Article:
TEN-YEARS-AGO this week, the artist behind the Angel of the North said the statue has set the agenda for accessible art, as his creation marked a decade since being erected.

Antony Gormley's 200-tonne steel figure, on top of a hill next to the A1 in Gateshead, arrived at the site on Valentine's Day in 1998.

A year-long anniversary celebration began with the launch of a competition for ten couples to renew their wedding vows at the foot of the monument.

Gormley said the £800,000 artwork has raised the profile of the area.

"It has led to an awareness of Gateshead that we could never have dreamed of, " he said. "Gateshead is a name spoken everywhere – not just around Britain, but across the whole world."

See tomorrow's Northern Echo for a picture special looking back at the Angel's construction.

In other news, North-East scientists helped in ending a long running scientific debate over Neanderthal life.

Experts from Durham University drew the conclusion that the species travelled from place to place, with academics formerly split as to whether Neanderthal man stayed in the same place or travelled.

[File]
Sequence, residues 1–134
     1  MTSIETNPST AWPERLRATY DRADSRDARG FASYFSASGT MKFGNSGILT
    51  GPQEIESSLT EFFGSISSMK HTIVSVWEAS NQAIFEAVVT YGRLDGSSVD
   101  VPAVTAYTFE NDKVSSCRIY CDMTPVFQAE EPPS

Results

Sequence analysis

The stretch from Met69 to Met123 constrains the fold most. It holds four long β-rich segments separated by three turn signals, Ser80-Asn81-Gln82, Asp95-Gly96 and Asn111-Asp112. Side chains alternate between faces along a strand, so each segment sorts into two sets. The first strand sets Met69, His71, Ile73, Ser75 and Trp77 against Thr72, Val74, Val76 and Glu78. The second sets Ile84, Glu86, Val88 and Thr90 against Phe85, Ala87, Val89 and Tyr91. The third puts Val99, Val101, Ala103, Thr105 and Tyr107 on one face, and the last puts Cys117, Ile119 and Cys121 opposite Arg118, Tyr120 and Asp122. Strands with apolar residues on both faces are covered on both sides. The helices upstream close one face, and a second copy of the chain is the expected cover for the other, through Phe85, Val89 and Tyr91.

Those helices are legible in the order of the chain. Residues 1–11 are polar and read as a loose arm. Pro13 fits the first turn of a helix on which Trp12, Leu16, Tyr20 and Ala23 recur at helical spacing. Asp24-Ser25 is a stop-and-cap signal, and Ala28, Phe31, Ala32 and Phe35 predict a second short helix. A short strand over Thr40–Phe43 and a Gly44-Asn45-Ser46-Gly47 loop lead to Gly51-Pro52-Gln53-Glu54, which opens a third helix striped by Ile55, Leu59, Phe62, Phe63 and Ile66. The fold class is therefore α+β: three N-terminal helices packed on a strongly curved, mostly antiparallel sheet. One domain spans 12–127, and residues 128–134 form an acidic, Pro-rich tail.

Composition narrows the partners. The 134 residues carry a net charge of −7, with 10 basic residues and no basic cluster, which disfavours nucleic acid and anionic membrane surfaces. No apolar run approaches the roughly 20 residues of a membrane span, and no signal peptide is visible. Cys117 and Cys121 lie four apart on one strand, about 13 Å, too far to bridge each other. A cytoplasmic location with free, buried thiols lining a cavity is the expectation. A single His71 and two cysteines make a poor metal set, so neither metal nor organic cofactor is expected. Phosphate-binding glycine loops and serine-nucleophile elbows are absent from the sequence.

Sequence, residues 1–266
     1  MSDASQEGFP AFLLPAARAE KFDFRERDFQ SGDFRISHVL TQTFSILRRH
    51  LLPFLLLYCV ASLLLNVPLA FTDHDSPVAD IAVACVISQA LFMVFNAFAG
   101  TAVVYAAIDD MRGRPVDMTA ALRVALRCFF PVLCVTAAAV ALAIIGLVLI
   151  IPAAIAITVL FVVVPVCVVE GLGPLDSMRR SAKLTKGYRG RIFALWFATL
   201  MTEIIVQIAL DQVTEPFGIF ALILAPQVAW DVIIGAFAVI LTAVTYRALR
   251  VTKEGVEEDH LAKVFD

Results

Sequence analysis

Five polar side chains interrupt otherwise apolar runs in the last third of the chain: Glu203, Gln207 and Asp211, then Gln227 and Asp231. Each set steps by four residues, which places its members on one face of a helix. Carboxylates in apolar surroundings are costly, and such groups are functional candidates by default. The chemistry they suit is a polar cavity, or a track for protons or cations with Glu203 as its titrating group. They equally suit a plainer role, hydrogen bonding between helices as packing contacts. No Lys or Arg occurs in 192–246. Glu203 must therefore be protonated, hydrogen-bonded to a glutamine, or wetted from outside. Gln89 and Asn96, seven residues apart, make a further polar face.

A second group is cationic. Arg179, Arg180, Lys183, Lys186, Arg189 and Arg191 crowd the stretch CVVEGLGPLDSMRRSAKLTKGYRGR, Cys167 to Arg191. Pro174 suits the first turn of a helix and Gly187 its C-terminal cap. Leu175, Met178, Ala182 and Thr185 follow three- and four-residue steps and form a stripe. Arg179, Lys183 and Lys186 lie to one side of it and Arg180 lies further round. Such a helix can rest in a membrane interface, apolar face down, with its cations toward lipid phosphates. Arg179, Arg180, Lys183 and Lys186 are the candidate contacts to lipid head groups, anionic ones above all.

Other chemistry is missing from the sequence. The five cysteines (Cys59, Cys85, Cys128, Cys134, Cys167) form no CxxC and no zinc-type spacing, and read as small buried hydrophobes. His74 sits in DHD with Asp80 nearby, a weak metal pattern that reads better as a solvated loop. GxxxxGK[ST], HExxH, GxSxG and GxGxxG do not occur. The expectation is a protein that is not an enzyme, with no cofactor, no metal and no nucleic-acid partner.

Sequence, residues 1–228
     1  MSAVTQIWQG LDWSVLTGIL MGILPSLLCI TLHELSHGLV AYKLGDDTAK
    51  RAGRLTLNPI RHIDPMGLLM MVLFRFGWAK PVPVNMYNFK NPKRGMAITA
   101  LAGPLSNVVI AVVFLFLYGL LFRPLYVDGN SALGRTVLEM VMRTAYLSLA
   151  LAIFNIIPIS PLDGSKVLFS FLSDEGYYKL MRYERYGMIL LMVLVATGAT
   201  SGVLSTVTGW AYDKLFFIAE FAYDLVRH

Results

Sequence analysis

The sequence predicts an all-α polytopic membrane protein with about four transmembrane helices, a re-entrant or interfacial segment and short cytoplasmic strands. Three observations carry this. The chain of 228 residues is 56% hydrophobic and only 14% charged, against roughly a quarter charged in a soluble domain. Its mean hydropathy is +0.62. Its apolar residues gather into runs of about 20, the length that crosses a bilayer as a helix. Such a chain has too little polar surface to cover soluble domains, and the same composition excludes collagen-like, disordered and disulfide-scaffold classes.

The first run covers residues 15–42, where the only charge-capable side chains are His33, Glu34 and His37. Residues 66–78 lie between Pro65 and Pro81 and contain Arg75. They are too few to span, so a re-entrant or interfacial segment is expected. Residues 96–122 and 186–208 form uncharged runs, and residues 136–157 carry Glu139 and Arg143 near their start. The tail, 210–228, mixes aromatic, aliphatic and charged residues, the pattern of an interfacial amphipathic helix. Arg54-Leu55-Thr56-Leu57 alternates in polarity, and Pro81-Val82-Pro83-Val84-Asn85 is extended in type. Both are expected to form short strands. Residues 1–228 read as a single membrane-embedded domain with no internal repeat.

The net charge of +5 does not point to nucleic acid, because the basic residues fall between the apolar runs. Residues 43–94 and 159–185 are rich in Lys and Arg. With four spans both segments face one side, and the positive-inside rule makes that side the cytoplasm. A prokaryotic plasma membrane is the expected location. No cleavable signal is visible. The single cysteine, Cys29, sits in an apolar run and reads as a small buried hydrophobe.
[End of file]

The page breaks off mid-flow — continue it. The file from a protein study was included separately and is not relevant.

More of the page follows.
The experts studied a 40,000-year-old tooth found in southern Greece to come up with the findings.

Professor Michael Richards, from Durham University, said: "Our tests show that this individual must have lived in a different location when the crown of the tooth was formed than where the tooth was found."

Also, that week, a group of Zimbabwean exiles living in the North-East took part in a fundraising party for underprivileged children in their home country.

They hoped that the event would draw attention to the suffering children and their families.

Newcastle based nurses Sindi Sibanda and Angeline Ndlovu fled Zimbabwe to escape poverty and persecution. The pair raised money for the Zimbabwe Physically Handicapped Children’s association.

Mrs Sibanda said: "The situation is desperate.

"I am so worried about those children who have lost their parents and have nobody else to care for them.

And the artist behind the inflatable sculpture Dreamspace was charged with manslaughter, after the sculpture became airborne killing two women in Chester-le-Street in 2006.

The tragedy, which also injured 27 people led to the 76-year-old being charged with gross negligence manslaughter.

Maurice Agis, who died in 2009, was later convicted of breaching the Health and Safety at Work Act by failing to ensure the safety of members of the public.